Treatments are readily available for sufferers of Chronic Fatigue Syndrome and Fibromyalgia according to experts.
Two weekends ago the Organization for Fatigue and Fibromyalgia Education and Research (OFFER) hosted an information conference for healthcare providers and patients for the third year in a row.
Entitled “Advances in Understanding and Treating Chronic Fatigue Syndrome and Fibromyalgia,” the conference discussed the latest tools available to recognize and treat these conditions.
While there is no cure for Fibromyalgia Syndrome (FMS) or Chronic Fatigue Syndrome (CFS) the conference stressed that there are treatments available to help those who suffer from the syndromes.
The Tooele Transcript-Bulletin attended part of the conference where Dr. I. Jon Russell, an FMS expert from Texas addressed about 400 plus patients.
He explained that once FMS starts it’s there forever, but added that one of the biggest helps for FMS patients is exercise. “Should you exercise even if it hurts?” he asked. “Yes, it keeps you from getting worse.” He said those with FMS who don’t exercise become much worse off than those with FMS who do exercise.
Russell said there are some doctors in the nation that don’t believe in FMS because it can be difficult to diagnose and because the symptoms of the syndrome vary from person to person.
To prove his point that it is a real disorder he showed what happens when a pressure point is touched on an FMS patient compared to someone without the condition.
He used MRI images of the brain to display his findings.
The first set of slides showed pictures of someone’s brain without FMS. When pressure was applied to a trigger point, two very small yellow dots appeared on the image. When the exact same pressure point was touched on the FMS patient, the images of the person’s brain looked like they were on fire, with huge yellow and red spots everywhere.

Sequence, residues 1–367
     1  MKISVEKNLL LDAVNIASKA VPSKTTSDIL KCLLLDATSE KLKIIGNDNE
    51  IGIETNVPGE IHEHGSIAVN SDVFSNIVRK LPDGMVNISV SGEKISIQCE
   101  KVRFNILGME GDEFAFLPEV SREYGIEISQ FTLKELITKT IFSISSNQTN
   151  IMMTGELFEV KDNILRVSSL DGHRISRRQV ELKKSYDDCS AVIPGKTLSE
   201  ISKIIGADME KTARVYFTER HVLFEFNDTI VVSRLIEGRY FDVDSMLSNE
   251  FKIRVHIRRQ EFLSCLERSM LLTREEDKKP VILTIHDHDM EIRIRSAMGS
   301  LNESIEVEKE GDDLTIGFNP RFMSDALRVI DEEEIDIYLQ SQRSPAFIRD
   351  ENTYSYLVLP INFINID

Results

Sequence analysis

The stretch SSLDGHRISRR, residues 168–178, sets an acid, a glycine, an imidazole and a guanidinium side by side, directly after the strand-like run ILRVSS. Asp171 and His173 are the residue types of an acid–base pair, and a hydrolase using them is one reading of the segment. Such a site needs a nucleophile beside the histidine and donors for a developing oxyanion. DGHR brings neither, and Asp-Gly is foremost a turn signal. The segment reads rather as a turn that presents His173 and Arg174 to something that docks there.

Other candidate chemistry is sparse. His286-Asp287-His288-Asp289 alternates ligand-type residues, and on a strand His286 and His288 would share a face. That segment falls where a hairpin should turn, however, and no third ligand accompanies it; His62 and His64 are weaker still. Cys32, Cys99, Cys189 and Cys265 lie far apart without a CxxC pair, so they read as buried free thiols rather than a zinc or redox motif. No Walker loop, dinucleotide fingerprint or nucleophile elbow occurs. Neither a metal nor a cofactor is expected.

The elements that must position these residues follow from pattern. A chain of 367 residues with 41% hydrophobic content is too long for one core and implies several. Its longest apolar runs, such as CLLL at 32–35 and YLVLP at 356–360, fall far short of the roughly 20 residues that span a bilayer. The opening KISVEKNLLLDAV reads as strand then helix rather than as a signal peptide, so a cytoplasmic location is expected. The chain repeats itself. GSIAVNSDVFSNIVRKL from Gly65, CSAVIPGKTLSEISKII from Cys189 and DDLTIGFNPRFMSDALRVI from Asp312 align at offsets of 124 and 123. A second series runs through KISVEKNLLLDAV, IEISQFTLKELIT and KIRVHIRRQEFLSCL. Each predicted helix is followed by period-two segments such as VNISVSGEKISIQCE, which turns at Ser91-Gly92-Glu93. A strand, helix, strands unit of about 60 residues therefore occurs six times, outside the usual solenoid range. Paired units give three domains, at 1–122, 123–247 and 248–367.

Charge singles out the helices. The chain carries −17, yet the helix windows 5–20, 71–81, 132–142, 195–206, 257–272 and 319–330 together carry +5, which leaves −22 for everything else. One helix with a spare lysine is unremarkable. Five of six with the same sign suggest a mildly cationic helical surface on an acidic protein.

He said the proof that real pain is occurring is obvious.
In summing up the condition he showed a cartoon where a small dog was watching the television. A news anchor came on screen and said “This country is going to the dogs.” The dog replied, “Finally some good news.”
He said that is essentially what happens inside the brain of an FMS patient — a message is clearly sent but is interpreted wrong. This is what causes the aches, pains and fatigue that an FMS patient has.
According to OFFER, FMS is a complex, multi-system disorder of unknown cause, though some research points to periods of emotional stress, infection, hormone shifts such as menopause, surgery, or mechanical trauma as triggers for the condition. Body-wide pain and stiffness are the primary symptoms.
But FMS often is accompanied by a host of associated disorders, such as disrupted sleep, fatigue, irritable bowel syndrome, irritable bladder, headaches, mood disorders and cognitive dysfunction (a.k.a. brain fog). Research points to an underlying problem with the central nervous system.
Diagnostic criteria for FMS was adopted in 1990 by the American College of Rheumatology. It defines FMS as widespread pain, lasting at least three months in the axial spine and all four quadrants of the body. A physical exam must find pain on at least 11 of 18 specified tender points.
There are not yet any medications that are FDA-approved specifically for FMS, so the symptoms are treated separately and tailored to the individual patient.
Treatment options include: pain and sleep medications, antidepressants, anti-anxiety or anti-convulsant medication, physical therapy, exercise and training in stressreduction or coping strategies.
Clinical trials are underway with a variety of treatments from acupuncture to the sleep drug Xyrem.
Locally a group for fibromyalgia suffers is currently being led by Patti Westenburg. She can be reached at 850-0009.
Westenburg said two of the primary factors in the fight with the syndrome are to have hope and faith and to never lose them. Her group has compiled a list of web sites that addresses aspects of both CFS and FMS conditions thoroughly. Here a partial list of the sites, each begins with www.
• offerutah.org (Utah based call 801-328-8080)
• rheumatology.org (keyword fibromyalgia)
• fibroandfatigue.com (1-888- 443-4276)
• interactiveenergy.com (using your mind to control pain)